As well as supporting students from poorer backgrounds, universities are also increasingly using financial support as a means of attracting high-achieving students, particularly since the relaxation of student number controls: for example, when student number controls were removed for students scoring at least ABB in 2013 (down from AAB the previous year), 18 out of the 23 universities that had AAB scholarships in 2012 changed their eligibility threshold to ABB. On average, we estimate that students with ABB or above who enrol in 2014 will receive around £1,060 financial support per year, compared with £386 for those without at least ABB.
The current system of university bursaries and fee waivers is unnecessarily complex and opaque. In around one-third of the 90 large universities we looked at, there is no transparent scheme that guarantees low-income students any financial support. The schemes also vary hugely across universities, with the most generous packages available at Russell Group institutions. It is also worth noting that a not insignificant proportion of the support available comes in the form of fee waivers, which – for many students – are of little benefit, since they are unlikely to pay off their student loans within the 30-year repayment period, with or without the fee waiver.
What is likely to happen to financial support for students in future?
With the abolition of the National Scholarship Programme from 2015, the level and distribution of direct university financial support are likely to change again. NSP spending constitutes a small part of total financial support in research-intensive universities, but a very large part for other universities. For example, we estimate that the government funding of NSP constitutes more than 20% of all financial support for low-income students at Million+ universities for the 2014 intake, while nearly 70% is the match funding that universities are obliged to provide under the NSP (according to their commitments before the unexpected cut to NSP government funding). By contrast, the respective proportions for the Russell Group are around 5% and 13%. As the NSP is to be abolished from 2015 onwards, the ability and obligation of less research-intensive universities to provide financial support will be diminished. The most likely outcome is therefore that financial support will become even more focused on highly-qualified entrants who study at research-intensive universities.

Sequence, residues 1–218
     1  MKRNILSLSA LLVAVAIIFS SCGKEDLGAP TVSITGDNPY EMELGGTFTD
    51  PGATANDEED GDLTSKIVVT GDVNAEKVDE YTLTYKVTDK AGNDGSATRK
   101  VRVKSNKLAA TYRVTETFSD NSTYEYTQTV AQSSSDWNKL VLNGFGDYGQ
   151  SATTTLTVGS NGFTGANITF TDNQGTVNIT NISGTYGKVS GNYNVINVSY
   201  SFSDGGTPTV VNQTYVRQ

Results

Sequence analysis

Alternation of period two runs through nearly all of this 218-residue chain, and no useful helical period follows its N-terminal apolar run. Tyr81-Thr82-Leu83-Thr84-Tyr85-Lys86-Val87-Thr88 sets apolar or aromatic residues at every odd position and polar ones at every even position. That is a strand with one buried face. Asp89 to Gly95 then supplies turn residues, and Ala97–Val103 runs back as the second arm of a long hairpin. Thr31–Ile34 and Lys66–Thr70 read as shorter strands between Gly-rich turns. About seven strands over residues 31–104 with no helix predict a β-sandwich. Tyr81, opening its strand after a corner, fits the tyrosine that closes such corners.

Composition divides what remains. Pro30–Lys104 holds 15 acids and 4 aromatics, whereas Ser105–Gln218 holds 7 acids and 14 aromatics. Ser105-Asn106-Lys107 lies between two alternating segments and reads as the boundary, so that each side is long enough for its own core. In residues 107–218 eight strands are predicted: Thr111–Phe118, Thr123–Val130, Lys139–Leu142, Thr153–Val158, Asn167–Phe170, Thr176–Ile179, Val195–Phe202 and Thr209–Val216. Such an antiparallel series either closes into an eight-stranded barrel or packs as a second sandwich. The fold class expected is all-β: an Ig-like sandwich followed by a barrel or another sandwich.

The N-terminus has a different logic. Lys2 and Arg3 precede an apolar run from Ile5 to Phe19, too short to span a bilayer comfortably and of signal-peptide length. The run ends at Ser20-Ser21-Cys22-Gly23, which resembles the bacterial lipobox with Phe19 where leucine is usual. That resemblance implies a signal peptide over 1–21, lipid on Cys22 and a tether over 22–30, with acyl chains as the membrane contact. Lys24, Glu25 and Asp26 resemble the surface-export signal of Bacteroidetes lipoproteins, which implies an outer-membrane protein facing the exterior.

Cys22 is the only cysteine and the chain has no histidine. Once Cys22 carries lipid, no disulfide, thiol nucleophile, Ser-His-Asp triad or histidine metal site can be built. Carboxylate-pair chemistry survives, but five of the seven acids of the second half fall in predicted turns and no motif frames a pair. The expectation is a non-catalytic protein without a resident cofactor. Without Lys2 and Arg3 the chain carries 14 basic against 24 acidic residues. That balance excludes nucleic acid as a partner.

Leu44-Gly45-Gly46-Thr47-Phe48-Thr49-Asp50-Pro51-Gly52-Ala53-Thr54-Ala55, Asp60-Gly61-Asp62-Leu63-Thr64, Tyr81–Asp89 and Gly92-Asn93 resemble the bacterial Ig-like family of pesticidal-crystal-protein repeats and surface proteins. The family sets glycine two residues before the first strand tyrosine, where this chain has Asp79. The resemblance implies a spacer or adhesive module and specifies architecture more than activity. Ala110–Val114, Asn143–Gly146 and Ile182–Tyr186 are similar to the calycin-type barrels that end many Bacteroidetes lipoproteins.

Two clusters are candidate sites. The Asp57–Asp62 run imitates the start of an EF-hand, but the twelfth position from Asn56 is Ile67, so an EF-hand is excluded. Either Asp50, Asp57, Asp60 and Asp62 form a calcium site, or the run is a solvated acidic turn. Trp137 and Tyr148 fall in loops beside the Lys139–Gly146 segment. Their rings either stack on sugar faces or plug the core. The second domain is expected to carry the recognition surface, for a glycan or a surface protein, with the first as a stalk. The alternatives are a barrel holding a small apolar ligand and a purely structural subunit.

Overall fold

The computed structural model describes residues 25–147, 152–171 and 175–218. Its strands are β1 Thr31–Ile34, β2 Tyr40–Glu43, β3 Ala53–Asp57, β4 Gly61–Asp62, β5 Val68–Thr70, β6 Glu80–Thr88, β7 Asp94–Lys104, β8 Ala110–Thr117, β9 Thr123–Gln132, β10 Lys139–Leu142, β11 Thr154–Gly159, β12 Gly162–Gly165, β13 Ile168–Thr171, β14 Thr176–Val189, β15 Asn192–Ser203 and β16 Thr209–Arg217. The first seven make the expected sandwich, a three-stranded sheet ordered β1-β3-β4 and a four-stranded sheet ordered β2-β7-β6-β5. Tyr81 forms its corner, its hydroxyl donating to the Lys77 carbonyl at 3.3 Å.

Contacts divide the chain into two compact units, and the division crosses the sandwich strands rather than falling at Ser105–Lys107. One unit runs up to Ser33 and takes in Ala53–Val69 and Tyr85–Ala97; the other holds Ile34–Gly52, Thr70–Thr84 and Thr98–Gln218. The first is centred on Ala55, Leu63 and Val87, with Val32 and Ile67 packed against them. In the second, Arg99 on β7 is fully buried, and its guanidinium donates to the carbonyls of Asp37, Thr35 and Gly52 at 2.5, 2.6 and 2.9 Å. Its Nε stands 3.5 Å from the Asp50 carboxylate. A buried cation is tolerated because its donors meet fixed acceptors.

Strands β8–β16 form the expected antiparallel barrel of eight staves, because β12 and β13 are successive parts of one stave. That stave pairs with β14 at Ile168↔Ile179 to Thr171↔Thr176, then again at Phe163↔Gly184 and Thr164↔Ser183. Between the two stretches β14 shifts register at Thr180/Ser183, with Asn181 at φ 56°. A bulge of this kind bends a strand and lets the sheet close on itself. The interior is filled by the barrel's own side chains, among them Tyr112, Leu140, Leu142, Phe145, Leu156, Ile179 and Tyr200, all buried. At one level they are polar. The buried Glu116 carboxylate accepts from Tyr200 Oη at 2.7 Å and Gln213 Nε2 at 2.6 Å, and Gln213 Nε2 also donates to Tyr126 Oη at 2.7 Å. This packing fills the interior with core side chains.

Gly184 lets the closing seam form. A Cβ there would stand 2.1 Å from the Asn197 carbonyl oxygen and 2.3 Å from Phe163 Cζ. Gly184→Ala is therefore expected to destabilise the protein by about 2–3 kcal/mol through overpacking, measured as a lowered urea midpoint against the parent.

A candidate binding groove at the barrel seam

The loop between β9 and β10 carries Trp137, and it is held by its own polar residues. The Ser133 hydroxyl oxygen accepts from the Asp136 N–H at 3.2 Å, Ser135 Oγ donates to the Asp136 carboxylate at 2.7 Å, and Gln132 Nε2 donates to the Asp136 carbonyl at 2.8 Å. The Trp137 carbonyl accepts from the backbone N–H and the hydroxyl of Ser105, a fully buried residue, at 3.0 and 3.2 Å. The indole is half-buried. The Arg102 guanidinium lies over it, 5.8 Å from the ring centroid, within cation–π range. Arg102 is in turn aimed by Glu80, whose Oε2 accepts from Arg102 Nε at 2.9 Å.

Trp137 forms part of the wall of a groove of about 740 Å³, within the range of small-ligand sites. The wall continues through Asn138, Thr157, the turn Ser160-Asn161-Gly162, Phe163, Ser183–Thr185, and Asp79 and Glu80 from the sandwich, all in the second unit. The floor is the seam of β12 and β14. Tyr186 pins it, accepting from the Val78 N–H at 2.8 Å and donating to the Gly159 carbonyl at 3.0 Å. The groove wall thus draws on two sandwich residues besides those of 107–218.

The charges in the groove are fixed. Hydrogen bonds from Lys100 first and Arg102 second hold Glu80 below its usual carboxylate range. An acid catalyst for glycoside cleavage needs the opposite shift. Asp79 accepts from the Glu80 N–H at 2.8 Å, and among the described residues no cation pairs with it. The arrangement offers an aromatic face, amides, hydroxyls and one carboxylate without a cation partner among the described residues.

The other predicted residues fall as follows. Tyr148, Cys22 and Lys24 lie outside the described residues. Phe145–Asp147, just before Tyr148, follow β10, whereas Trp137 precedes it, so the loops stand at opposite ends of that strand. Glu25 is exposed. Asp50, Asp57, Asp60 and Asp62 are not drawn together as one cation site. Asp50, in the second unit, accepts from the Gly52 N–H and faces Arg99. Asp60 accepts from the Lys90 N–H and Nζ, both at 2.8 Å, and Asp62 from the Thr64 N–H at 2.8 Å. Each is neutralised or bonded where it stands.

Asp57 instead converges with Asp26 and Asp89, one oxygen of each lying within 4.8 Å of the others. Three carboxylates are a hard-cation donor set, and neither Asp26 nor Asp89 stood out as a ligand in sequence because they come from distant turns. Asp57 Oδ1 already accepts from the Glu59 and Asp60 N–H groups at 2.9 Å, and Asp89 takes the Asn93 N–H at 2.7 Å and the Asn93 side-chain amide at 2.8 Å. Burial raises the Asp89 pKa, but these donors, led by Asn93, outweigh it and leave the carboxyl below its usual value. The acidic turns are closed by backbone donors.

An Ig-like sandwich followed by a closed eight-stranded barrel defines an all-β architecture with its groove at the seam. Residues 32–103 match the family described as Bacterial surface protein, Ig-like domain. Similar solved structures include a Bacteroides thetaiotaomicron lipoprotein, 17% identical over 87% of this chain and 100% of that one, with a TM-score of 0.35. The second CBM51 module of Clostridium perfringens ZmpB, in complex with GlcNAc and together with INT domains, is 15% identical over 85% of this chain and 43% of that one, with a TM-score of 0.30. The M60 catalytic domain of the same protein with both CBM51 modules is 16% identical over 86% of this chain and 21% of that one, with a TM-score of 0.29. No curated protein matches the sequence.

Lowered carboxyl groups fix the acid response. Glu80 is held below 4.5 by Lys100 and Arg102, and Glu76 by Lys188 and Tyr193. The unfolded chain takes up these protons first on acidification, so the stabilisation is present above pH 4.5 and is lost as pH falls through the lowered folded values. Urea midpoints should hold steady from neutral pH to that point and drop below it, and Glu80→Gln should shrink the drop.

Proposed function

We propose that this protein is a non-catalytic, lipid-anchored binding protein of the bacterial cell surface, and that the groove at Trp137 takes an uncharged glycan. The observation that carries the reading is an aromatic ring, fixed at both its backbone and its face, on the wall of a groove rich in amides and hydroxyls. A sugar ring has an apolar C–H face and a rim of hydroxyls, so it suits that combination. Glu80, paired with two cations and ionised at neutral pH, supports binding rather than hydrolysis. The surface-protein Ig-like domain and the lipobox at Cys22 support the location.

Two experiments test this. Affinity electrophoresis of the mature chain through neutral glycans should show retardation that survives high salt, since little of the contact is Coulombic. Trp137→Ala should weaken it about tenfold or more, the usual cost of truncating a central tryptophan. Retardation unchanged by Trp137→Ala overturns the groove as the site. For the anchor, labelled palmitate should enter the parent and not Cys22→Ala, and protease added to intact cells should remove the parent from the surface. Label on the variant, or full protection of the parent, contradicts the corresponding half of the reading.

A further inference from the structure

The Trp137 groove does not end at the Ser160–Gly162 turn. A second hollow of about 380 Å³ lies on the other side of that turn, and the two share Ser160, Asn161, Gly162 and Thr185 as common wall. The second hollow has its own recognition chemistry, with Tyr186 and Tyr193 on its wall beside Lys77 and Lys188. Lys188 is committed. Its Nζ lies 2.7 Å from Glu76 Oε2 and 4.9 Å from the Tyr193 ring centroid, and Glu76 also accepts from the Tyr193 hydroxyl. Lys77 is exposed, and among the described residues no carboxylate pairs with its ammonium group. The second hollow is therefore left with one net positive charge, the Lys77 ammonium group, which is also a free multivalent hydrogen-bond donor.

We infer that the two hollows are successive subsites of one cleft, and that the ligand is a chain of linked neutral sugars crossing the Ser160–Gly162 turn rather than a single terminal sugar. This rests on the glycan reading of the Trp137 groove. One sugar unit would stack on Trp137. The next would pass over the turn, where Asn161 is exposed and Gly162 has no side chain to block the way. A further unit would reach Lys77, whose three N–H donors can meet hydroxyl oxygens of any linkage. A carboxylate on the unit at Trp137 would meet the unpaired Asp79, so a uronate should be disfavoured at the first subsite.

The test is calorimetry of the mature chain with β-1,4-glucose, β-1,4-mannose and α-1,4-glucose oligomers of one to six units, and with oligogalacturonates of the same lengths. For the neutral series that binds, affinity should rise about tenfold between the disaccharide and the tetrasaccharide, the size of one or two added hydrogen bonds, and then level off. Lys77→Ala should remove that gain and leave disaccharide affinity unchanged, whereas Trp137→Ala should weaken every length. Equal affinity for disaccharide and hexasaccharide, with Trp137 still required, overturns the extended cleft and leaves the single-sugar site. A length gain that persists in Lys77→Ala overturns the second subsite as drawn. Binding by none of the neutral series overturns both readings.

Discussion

Early indications from OFFA access agreements for 2015/16 suggest that highly-selective institutions are planning to redirect money from bursaries/fee-waivers to more long-term outreach work such as summer schools and mentoring, while universities with more diverse student bodies are planning to redirect money towards helping disadvantaged students engage with their studies and settle into university life, rather than on old-style bursaries.
It therefore looks likely that bursaries for disadvantaged students will fall across all types of institutions. This may mean that disadvantaged students are worse off in the short run. However, the overall impact of these changes will depend on whether focusing on outreach activities and/or engagement activities once in university is more effective at improving access and retention for disadvantaged students in the long run.
This briefing note and accompanying observation are based on an earlier paper on the National Scholarship Programme and Bursaries http://www.ifs.org.uk/publications/6429, part of a project funded by the Nuffield Foundation. Our most recent analysis, taking into account the 2013 and 2014 Office for Fair Access (OFFA) agreements was funded by the ESRC.
The Nuffield Foundation is an endowed charitable trust that aims to improve social well-being in the widest sense. It funds research and innovation in education and social policy and also works to build capacity in education, science and social science research. The Nuffield Foundation has part-funded this project, but the views expressed are those of the authors and not necessarily those of the Foundation. More information is available at http://www.nuffieldfoundation.org